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The company’s plans include drilling nine wells in the Barents Sea and investing more money in its Arctic research budget.
Norway’s Statoil has long been one of the great pioneering companies of the offshore industry, and the company shows no sign of letting that hard-earned reputation slide as it steps up the pace of its exploration activity in the Arctic and develops the technology required to get the oil and gas out of the ground.
The state-owned major confirmed at Offshore North Seas (ONS) in Stavanger that it will drill nine wells in 2013 in the Norwegian sector of the Barents Sea, as well as triple its Arctic technology research budget from NOK 80 million (US $14 million) in 2012 to NOK 250 million ($43 million) in 2013.
Choosing to first focus naturally at ONS on its activity in the Norwegian Arctic, Statoil’s exploration executive vice president, Tim Dodson, described the Barents as “a less challenging area, as the Norwegian Barents is one of the only Arctic areas with a year-round ice-free zone.”
Statoil will start drilling using the West Hercules deepwater rig in Nunatak in the Skrugard field area in December, and will drill and complete four wells there over a four-month period. If successful, said Mr Dodson, Statoil has already pencilled in plans for first oil by 2018.
The campaign will then continue with the drilling of up to three wells in the Hoop frontier exploration area further north in the Barents in the summer of next year. These will be the northernmost wells ever drilled offshore Norway. The drilling campaign next year will finish in the Hammerfest basin, the most mature province of the Barents.
But Dodson stressed in a press briefing that the operator would be utilizing the knowledge it gained in the Barents for Arctic prospects elsewhere later on, and flagged up the company’s other main areas of Arctic interest.
The Arctic has around 20% of the world’s yet-to-find conventional oil and gas, he pointed out, with Statoil active in Russia’s Sea of Okhotsk and its sector of the Barents, as well as West Greenland, Canada’s Newfoundland & Labrador, the Beaufort Sea, and Alaska’s Chukchi Sea.
Statoil has interests via a joint venture offshore Russia in four offshore exploration licenses including Perseevsky and Okhotsk. It is planning to shoot seismic next year in the Sea of Okhotsk, with a well likely by 2016.
The company has two new leases offshore Newfoundland in the Flemish Pass area where it will shoot 3D seismic and where wells will be drilled using Seadrill’s West Aquarius deepwater rig. A three-well drilling program is planned to get underway before the end of this year.
Also, Statoil has three blocks off Western Greenland in the Baffin Bay area and is planning to shoot 3D seismic over the Anu and Napu blocks. It is also planning to make a “drill or drop” decision on the adjacent Pitu block in 2013.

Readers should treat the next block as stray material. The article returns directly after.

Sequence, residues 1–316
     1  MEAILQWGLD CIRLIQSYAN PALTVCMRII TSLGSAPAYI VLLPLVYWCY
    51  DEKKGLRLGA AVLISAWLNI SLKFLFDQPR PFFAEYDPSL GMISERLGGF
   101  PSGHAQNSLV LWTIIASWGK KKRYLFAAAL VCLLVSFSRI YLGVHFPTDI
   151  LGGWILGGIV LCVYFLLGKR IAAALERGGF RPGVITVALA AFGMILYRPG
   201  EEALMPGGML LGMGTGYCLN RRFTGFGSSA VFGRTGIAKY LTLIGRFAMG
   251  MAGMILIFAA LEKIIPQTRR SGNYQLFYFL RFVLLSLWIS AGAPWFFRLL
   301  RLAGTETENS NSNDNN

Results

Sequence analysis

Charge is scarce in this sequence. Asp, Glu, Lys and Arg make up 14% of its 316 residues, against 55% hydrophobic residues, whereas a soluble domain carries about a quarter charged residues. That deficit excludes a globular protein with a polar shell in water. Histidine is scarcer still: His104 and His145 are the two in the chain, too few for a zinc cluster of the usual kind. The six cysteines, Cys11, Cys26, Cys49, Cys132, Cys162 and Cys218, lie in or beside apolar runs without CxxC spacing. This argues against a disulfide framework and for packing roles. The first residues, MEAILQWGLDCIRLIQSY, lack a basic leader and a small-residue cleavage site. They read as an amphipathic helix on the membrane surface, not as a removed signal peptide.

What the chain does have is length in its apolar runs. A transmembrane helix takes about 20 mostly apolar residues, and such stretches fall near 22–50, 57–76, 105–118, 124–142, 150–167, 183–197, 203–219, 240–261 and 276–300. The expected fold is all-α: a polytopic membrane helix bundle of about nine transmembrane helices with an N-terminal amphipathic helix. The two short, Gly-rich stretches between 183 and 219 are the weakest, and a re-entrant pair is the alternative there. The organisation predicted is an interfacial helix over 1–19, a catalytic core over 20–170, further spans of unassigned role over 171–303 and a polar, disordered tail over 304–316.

Dodson went on to outline Statoil’s take on its Arctic portfolio via three different views.
The first is simply termed “workable” and is where the company can drill wells now, such as in the Norwegian Barents Sea. The second is termed “stretch” Arctic and is where ice-free activity is possible during weather windows, such as in the Chukchi Sea. The third is termed “extreme” Arctic and is where Statoil says radical innovation is required for drilling and operations to take place, mainly due to prevalent or permanent ice-bound conditions year-round.
This is why the Norwegian company is upping its research budget, as it bids to find solutions to this problem and close technology gaps. Its road map also includes conducting a special research cruise in conjunction with Norwegian universities to northeast Greenland in September focusing on ice management and how to manage ice issues.
Margareth Ovrum, the company’s technology, projects, and drilling executive vice president, also highlighted Statoil’s ambition to mature the concept of an Arctic drilling unit, able to drill year-round in ice-bound conditions in varying water depths. Its work on this conceptual unit is based on Statoil’s experience with developing specialized category “A” and “B” rigs for the Norwegian Continental Shelf. The Arctic category unit is planned to be able to operate in varying water depths across the region, and will involve integrated operations in drifting ice.
Functions will have to include a management system to reduce ice impact, an optimized drilling package for faster drilling and increased rig availability, and solutions to ensure that the rig dynamically maintains its position. At present, said Ovrum, no robust solution for dynamic positioning dedicated for ice operations exists. “When we see a technology need, we try to fill the gap ourselves. We have now directed our strategic focus towards developing technology for exploration and production in ice. A new dedicated unit has been established to solve these challenges,” she said.
Ovrum also went on to state her believe in the importance of the subsea factory concept as a major potential solution for the Arctic, building on existing technologies to create new solutions. Statoil is already, of course, underway with two major seabed gas compression and boosting projects offshore Norway on its Asgard and Gullfaks fields. “Subsea technology will solve a lot of the challenges,” she said. “We have launched our ambition for a subsea factory by 2020. That is our road map.”
She added Statoil was developing more robust solutions for both permanent and floating production solutions for the Arctic, as well as other technologies including shooting seismic in ice.
Lastly, but by no means least, Statoil is also part of an Arctic Oil Spill Joint Industry Project, she added.
Contact the author, Mark Thomas, at firstname.lastname@example.org.